Mr. Wilson is a trustee for the Chapel of the Four Chaplains and was awarded the Legion of Merit for meritorious service to Veterans. He served with the Secret Service during the administration of John F. Kennedy. As of this date he is sitting as a Judge of Arbitration for the National Center of Dispute Settlements, based in Dallas, Texas. He attended school in Easton, PA, Wilson College in Chambersburg, PA, where he was accredited as a member of the Minor Judiciary in the State of Pennsylvania, as a District Justice. He completed courses at Northampton Community College and Penn State University. He is a life member in the Military Order of the Purple Heart, the American Legion, the Veterans of Foreign Wars, the AMVETS, Disabled Veterans of America (Commander 2002-2003), American Ex-Prisoners of War and the CombatVets organization. Mr. Wilson formed a corporation known as Society of War Prisoners, Ltd. All ex-prisoners of war are honorary members. Wilson has dedicated himself to helping veterans. He is a member of the Court of Appeals for Veterans Bar Association and was admitted to the court in 1990, in Washington, D.C.
He was selected to serve on the transition team of Governor-Elect Edward Rendell of Pennsylvania.
Photos of Family http://combatvets.net/Bios/WilsonGeorge/WilsonGallery2.htm
Mr. Wilson is married to JoAnn and they have five children, Kathleen Tomaino, married to Peter Tomaino, of Easton, PA, Colleen Kirchner, Annapolis, MD, Helene Kalnas Easterday, New Tripoli, PA, Geralene Wilson Bogart, Easton, PA, and George III, married to the former Marlee Moughan of Hellertown, PA, residing in Freemansburg, PA.
The Wilson's have three grandsons, Dean Tomaino, of Woodbridge, NJ, Thomas J. Kirchner, of Annapolis, MD., and Brett Easterday of New Tripoli, PA. Brett recently re-enlisted for 6 more years after duty in South Korea and Italy. Brett served 10 years in the U.S. Army K9 Corps. He did tours in Korea, Italy, and Iraq. He is discharged and resides in Pennsylvania where he has a business training dogs.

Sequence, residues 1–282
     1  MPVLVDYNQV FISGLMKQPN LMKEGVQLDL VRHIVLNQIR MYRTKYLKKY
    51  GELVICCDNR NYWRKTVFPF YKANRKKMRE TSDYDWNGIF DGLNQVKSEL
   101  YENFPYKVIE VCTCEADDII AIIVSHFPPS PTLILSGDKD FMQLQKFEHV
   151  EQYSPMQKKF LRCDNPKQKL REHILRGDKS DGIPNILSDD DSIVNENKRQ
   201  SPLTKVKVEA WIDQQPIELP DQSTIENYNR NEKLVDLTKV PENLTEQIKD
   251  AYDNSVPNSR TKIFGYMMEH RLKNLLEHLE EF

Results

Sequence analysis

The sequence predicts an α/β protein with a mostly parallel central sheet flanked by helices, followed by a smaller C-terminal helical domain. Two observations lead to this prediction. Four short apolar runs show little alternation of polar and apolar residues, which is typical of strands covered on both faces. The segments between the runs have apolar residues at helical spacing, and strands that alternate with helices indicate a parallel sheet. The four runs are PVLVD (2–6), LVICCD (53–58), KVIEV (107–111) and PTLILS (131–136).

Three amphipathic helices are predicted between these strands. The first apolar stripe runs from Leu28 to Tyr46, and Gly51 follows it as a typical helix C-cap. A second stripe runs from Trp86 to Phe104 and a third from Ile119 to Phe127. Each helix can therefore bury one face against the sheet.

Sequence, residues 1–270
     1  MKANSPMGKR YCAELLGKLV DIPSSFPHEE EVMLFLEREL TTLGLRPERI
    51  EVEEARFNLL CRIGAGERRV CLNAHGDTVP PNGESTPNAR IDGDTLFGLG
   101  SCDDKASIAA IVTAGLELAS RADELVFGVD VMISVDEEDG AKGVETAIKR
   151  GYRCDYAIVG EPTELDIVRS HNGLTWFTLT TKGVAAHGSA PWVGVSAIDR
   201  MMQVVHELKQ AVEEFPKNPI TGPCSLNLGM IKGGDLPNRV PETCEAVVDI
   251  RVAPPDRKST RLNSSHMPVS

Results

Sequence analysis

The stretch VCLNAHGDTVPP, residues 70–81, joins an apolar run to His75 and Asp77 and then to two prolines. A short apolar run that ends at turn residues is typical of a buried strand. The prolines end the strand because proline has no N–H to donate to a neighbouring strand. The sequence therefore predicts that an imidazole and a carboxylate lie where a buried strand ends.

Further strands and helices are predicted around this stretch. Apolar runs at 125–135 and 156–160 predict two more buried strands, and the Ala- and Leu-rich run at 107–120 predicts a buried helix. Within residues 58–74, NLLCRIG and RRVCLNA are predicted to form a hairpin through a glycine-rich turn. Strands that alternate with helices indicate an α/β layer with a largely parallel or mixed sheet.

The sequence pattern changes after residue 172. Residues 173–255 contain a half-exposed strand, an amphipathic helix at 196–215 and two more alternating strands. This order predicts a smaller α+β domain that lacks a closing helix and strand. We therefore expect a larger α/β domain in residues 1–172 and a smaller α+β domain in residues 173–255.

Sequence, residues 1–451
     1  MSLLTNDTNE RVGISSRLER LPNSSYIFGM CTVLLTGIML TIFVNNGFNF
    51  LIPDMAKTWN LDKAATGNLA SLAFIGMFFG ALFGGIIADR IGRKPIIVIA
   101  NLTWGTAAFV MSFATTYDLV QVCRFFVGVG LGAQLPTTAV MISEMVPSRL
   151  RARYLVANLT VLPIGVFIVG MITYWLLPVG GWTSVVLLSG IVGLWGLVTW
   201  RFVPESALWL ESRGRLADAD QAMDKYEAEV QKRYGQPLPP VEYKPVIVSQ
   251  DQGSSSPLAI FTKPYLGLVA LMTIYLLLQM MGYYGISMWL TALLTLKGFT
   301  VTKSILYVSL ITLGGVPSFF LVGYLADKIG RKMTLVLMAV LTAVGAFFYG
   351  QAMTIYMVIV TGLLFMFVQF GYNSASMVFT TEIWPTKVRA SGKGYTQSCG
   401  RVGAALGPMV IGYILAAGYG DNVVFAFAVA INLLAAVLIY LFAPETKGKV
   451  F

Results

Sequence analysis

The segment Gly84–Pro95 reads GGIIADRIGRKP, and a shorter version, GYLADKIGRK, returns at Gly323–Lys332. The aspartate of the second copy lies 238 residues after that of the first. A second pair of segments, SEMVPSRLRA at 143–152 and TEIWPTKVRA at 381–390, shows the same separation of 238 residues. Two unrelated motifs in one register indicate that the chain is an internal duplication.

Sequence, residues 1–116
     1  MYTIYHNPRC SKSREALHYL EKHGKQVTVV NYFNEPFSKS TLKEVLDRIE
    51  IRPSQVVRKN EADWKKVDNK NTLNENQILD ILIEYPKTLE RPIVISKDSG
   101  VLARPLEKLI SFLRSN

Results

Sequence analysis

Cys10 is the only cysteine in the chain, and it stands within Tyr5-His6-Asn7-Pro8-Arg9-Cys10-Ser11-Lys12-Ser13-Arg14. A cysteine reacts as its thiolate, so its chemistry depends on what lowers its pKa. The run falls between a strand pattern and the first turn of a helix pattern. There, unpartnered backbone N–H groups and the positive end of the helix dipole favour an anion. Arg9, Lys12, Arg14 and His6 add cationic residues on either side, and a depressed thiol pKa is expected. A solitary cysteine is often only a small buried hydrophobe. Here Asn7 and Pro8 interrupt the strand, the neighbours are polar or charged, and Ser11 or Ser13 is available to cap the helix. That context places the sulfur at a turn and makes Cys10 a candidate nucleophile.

The Wilson's have three granddaughters, Tracy Fickes of Allentown, PA, Ahnika Bogart of Easton, PA, and Madison Shea Wilson, of Freemansburg, PA. Ahnika, who is eight years old and Madison Shea, who is 2 years old are sharing an infinite emanation of love from their grandfather.
The Wilson's also have a step-grandaughter, Jodi Kalnas, who attends East Stroudsburg State College.
George J. Wilson Jr. of Bethlehem, Pa, passed away peacefully on Monday, July 2, 2007 while at St. Luke's In-Patient Hospice.
|My Message to Future Generations:
Do not be influenced by the romantic depictions of war presented on television, theaters, or listening to anyone who wants you to believe that war is heroic or glamorous in any way. Listen to, and respect, any Veteran, who served in the defense of our country, to preserve your freedom. He will tell you that war is horrendous, too awful to describe, and should be avoided at all cost. If all of you young people of the world would decide that war is a thing of the past, there would be no more wars. Do everything you can to contribute to this by learning history and paying attention to politics, participating, if possible. Knowledge and courage are necessary attributes to making the world free from war. Freedom is precious, protect it!